November’s midterm elections shifted the political landscape with significant implications for immigration policy. Most clearly, it has undermined the prospects for creating a path to legal status for Dreamers in the next Congress. The likely next Speaker of the House has vowed to oppose any relief for DACA recipients, while the Obama-era program is hanging by a thread in the courts. This has added urgency to bipartisan efforts to secure a legislative solution during the lame duck session before the new Congress is sworn in.
November also had some positive movement for immigration policy. The asylum-eviscerating Title 42 rule was struck down by a federal district judge, although a temporary stay and efforts by Republican Attorneys General to meddle in the case may delay implementation of the court order. Additionally, this year’s COP27 agreement officially acknowledged — for the first time — the significant role climate change plays in driving human displacement and global migration.
Lame-Duck Session Scramble: A Bipartisan Deal on Immigration is Achievable, Though Tough Concessions Will Be Required on Both Sides of the Aisle
Although the American public soundly rejected MAGA-fueled political extremism and defied projected “red-wave” expectations, the midterm election results nonetheless imperil the prospects for pro-immigration legislation in the 118th Congress. Republicans narrowly won back the House and the front-runner for Speaker, Rep. McCarthy (CA), has vowed to block action on an issue of increasing urgency — legal status for Dreamers. The DACA program will almost certainly be struck down by the courts, meaning only Congress can provide a solution for the 600,000 DACA recipients and the hundreds of thousands of similarly situated young immigrants.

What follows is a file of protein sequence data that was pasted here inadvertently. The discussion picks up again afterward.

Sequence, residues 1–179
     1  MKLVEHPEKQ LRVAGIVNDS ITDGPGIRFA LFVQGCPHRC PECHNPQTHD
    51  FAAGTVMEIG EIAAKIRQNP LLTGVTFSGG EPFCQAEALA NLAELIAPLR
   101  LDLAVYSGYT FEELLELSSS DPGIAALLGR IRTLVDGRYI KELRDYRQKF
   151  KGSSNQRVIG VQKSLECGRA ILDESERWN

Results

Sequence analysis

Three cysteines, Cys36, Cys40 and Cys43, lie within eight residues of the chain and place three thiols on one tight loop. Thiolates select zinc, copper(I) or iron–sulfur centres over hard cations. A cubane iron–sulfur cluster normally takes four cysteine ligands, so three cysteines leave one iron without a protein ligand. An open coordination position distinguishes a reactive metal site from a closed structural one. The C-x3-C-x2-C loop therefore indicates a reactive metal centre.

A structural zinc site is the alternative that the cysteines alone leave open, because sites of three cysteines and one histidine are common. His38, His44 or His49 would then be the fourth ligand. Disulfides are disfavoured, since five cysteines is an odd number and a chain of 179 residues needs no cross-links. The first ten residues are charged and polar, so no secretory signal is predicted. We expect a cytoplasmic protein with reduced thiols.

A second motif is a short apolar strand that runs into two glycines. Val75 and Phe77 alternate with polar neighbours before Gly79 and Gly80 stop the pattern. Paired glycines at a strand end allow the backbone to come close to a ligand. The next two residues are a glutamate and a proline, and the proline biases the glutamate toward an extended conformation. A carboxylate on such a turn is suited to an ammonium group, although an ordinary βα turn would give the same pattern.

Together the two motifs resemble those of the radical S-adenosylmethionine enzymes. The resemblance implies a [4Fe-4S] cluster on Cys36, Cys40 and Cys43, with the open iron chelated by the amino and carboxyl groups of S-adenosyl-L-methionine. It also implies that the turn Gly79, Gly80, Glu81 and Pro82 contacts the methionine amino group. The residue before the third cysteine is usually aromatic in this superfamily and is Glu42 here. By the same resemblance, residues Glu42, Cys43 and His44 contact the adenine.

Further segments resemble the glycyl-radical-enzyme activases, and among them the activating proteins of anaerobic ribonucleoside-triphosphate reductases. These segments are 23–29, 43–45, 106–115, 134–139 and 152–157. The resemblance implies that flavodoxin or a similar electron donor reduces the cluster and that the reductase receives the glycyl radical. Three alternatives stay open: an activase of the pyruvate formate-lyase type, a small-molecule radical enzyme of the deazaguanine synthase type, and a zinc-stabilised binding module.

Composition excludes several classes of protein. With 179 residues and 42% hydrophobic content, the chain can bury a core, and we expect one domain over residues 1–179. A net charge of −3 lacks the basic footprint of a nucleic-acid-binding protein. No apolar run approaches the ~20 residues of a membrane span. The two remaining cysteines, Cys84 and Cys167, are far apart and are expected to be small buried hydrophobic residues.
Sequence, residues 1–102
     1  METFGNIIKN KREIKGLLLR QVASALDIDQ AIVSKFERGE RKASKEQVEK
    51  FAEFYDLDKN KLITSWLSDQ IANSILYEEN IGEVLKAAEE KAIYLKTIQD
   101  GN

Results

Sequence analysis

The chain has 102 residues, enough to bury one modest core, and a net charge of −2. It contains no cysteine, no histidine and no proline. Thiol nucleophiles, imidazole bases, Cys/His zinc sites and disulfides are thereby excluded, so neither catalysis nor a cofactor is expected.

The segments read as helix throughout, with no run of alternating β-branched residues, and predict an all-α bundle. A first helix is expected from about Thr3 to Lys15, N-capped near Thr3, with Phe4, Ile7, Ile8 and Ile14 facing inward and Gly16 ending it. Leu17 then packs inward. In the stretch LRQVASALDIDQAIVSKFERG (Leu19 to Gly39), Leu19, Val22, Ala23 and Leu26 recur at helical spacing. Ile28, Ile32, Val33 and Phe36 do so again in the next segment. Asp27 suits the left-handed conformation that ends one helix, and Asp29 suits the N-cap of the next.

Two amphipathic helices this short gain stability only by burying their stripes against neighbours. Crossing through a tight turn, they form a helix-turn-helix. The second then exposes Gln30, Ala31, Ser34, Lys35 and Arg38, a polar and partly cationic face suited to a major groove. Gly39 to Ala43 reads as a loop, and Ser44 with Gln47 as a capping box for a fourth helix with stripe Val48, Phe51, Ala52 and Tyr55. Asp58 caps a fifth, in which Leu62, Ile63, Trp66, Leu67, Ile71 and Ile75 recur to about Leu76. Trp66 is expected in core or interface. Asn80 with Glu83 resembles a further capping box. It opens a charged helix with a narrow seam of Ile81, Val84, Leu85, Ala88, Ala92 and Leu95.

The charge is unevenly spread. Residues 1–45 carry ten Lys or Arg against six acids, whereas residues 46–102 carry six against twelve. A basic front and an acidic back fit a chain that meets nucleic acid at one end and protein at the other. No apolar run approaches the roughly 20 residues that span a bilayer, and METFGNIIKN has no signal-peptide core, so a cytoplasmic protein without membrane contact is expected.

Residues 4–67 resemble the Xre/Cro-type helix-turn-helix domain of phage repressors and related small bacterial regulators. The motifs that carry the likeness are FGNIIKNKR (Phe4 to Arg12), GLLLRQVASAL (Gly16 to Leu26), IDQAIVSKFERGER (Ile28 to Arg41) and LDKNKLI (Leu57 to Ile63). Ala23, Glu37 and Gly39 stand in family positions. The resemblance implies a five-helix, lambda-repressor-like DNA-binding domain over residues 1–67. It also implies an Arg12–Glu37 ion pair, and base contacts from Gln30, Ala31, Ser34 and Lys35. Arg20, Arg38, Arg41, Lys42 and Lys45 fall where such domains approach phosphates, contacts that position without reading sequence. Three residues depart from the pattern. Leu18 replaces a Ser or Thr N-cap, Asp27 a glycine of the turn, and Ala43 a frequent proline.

This political reality has propelled an effort by senators from both sides of the aisle to negotiate a package of measures during the lame duck period. A potential bipartisan deal would likely include some combination of: relief for Dreamers; visa reforms and legal status for agricultural workers; protections for Afghan refugees; and border security measures plus asylum processing changes.
Time, of course, is extremely short. This Congress is likely to wrap up in the next three weeks with a pile of legislative initiatives still on deck. But the prospect of achieving a legislative breakthrough that advances the priorities of both parties around immigration and the border has fueled hopes that compromise can open a path to the 60 votes needed to overcome an inevitable Republican filibuster.
Our Dreamer colleagues and friends who are every bit as American as all of us except in their paperwork, deserve far better than what our elected leaders have delivered for decades and now this lame-duck session is arguably DACA’s last chance. All eyes are on one burning question: can the legislative brokers reach a deal? We will provide every ounce of support to their process, but should they fall short, we will remain unyielding in our commitment to resolving this injustice.
Our friends at United We Dream are asking you to text “DACAINFO” to 877–877 to demand action RIGHT NOW!
Title 42 Termination: Federal Judge Deems the Rule ‘Arbitrary and Capricious’
On November 15th, a federal court delivered an important win for immigration advocates by striking down Title 42, a Trump-era rule that for two and a half years has blocked access to asylum for most migrants arriving at the border and between ports of entry. Premised on the government’s statutory authority to take extraordinary measures during a public health emergency, the rule quickly morphed from a public health measure into a border control crutch. Allowing Border Patrol to immediately expel people without processing them reduced operational pressure on the agency, but it did so by violating our legal and moral obligation to allow people to request asylum.